To survive the day to day dangers of using the Internet I use a range of passwords, user names, and email addresses, all created to make my online world more secure. And, like most people we observe in user testing, am pretty used to having to answer or create a security question when registering on websites.
But this one caused me quite a while of hesitation…
Can you see why?
Why do security questions cause such a usability problem?
I was applying for tickets to the 2012 London Olympics (above), and I was offered three security questions. I provide these below with an explanation of why I was unsure what to do:
What is your best friend’s name?
This caused me a few concerns. Firstly, I consider myself to be pretty even to my close friends and don’t regard any of them as a ‘best friend’. Secondly, I would actually feel guilty if I had to choose one over others. Thirdly, I wouldn’t remember which friend I chose when I come back to the site in January to get my tickets. Maybe I should have chosen my wife!
Who is your favourite sportsperson?
I’m 34. I like football. When there is no football, I follow a bit of tennis, some athletics when it is on, and the odd game of rugby. I don’t have a favourite sportsperson. If I had to choose one now, how would I remember this in five months time when I return to the site?
What is your favourite food?
I’m a bit of a foody. I dabble in cooking but am lost without Jamie Oliver. So I like lots of food. Asking for my favourite food is like asking for my favourite song, or movie. It completely depends on how I’m feeling. So when I’m asked this question in August, I’m feeling summer food; barbeques, Mediterranean, crazy salads, summer fruits. When I’m asked in January it will be comfort food, hearty food, soups and pies.
So the common issue I had with all these questions was that I simply could not answer any of them with confidence. I had a discussion with my wife. I pondered. I questioned. In the end I just had to jump in a choose one with the expectation that I’ll struggle with this next time I come to use the site. What kind of user experience is that?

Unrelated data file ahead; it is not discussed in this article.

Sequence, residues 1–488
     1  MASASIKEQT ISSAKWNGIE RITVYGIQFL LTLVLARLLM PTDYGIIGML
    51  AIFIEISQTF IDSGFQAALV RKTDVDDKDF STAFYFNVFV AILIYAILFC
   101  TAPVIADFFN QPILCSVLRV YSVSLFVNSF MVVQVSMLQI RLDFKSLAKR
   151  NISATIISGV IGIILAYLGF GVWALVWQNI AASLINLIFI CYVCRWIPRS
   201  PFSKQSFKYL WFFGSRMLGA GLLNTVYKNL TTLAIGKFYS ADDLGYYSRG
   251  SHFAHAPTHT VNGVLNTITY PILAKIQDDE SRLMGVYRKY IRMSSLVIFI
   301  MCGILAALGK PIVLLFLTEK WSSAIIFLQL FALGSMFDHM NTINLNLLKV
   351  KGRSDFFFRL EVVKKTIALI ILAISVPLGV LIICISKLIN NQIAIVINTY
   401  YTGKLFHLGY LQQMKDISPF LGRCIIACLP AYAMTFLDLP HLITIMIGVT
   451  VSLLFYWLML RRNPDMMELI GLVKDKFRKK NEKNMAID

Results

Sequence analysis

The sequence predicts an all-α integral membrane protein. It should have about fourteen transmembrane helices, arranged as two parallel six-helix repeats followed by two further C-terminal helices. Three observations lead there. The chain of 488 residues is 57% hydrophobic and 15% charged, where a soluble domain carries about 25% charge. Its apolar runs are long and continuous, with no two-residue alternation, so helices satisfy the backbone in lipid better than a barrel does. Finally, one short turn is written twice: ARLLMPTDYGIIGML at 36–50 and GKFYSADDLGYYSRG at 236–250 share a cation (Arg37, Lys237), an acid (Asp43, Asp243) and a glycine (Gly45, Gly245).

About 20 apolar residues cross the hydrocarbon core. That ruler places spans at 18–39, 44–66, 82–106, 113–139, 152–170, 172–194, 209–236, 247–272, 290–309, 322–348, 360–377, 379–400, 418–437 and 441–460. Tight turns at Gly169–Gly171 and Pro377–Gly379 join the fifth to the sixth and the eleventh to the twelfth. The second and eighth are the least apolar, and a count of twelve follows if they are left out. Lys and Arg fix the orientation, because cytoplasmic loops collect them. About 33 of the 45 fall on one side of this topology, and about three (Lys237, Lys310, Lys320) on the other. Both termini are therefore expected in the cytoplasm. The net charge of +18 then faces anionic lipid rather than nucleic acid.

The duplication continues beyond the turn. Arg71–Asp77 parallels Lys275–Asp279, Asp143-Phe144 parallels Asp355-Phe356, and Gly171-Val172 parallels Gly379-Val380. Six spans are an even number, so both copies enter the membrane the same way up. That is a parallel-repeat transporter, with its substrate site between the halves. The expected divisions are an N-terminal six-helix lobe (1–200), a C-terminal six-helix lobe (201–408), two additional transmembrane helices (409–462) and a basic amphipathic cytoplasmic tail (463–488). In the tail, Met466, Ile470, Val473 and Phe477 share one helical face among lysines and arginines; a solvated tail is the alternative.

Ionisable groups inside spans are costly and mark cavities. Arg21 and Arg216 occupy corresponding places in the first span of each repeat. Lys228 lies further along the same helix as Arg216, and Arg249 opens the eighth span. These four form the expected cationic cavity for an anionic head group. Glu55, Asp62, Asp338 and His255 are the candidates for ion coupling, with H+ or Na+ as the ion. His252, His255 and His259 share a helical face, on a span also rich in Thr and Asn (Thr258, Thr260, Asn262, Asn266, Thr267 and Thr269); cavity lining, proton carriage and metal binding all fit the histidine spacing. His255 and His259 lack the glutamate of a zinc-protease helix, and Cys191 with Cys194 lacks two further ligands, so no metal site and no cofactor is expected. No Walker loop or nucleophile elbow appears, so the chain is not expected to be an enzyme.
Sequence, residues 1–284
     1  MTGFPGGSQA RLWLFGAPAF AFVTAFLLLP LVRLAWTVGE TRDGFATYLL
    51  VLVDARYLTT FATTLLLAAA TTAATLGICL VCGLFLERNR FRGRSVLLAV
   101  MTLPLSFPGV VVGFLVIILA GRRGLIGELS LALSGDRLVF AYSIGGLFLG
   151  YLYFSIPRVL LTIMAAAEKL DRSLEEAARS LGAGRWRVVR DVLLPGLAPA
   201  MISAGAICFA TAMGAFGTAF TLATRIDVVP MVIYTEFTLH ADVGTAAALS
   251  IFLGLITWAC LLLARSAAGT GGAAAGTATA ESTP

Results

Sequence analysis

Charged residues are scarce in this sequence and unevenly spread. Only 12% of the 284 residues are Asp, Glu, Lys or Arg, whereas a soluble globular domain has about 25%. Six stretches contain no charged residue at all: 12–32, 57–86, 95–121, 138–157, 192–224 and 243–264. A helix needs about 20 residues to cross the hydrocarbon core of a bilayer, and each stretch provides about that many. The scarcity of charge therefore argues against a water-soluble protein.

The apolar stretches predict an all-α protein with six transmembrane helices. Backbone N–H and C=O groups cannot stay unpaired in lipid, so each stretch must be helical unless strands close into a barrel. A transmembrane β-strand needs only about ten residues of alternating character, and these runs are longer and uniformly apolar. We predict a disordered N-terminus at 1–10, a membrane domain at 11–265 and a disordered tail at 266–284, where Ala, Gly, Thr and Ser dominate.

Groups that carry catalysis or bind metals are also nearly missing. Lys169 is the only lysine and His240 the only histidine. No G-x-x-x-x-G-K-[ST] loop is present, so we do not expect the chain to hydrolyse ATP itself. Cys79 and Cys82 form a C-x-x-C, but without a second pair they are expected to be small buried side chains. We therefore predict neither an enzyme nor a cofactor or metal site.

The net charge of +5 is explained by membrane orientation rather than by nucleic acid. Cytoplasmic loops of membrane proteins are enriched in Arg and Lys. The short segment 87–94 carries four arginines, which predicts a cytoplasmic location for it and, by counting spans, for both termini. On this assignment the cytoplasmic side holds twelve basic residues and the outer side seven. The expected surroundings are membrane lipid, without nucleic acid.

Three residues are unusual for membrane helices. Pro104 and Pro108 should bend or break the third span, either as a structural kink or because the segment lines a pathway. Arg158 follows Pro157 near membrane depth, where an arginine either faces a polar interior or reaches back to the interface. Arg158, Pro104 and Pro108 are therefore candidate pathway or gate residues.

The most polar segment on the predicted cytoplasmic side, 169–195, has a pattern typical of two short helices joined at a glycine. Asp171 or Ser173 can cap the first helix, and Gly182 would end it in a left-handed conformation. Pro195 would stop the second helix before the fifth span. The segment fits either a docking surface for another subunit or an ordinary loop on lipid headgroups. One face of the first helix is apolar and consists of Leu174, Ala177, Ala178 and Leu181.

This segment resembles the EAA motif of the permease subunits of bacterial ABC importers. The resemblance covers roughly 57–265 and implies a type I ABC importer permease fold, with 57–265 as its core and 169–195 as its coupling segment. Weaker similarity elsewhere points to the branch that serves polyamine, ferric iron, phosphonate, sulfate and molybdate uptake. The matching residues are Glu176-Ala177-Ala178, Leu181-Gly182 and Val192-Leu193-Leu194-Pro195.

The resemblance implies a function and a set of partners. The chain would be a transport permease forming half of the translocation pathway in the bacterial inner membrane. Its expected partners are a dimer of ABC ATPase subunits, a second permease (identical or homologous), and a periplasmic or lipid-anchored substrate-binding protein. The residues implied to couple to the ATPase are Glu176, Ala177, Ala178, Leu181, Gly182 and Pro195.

What makes a good security question?
The reason for these security questions is to back up who you are should you forget your other security details (username, passwords, etc.) and testing often proves inconclusive in finding the ultimate security question, especially if your audience is international.
When asking a security question, the question and answer should be:-
- Easy for an individual to answer confidently
- Not obvious enough for hackers to guess or research
- Not subjective, open to interpretation, or reliant on mood and feeling
- There can clearly be only one answer
Yahoo! attempt and tackle this with a range of options for users to choose. As long as you’re not a young and single only child to a single mum who has no siblings! Which just shows how difficult a problem this is!
The commonality with good security questions that we come across are those asking for firsts; your first pet’s name, your first school, your first musical instrument. But like any security question we can come up with, there will be a percentage of users who can’t answer it.
In some cases, users are able to write their own question and answer. However, this poses an issue for websites that need good security because users may choose an easy question (for someone else to guess), i.e. Who won the World Cup in 2010?
How do we instil good usability and incorporate a security question?
I’m no expert in online security, but we use PIN numbers for our bank and credit cards, so could this system be added to secure websites?
If we must use security questions, allow users to have some control but ensure the answers are not easy. Ask users to complete a question, and provide an answer. For example:
This would require usability testing in contex before it was used. But it may help to make the process easier for users to create a more secure secret question.
We would be very keen to hear how other people have resolved this issue. What good and bad examples of security questions have you come across?
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About Ali Carmichael
Ali (or Alasdair) is an experienced project manager who loves his Gantt charts and milestones! He has over 12 years' experience managing successful online experiences for world class brands. Ali is responsible for ensuring our clients love what we do for them. Follow Ali on twitter @AliJCarmichael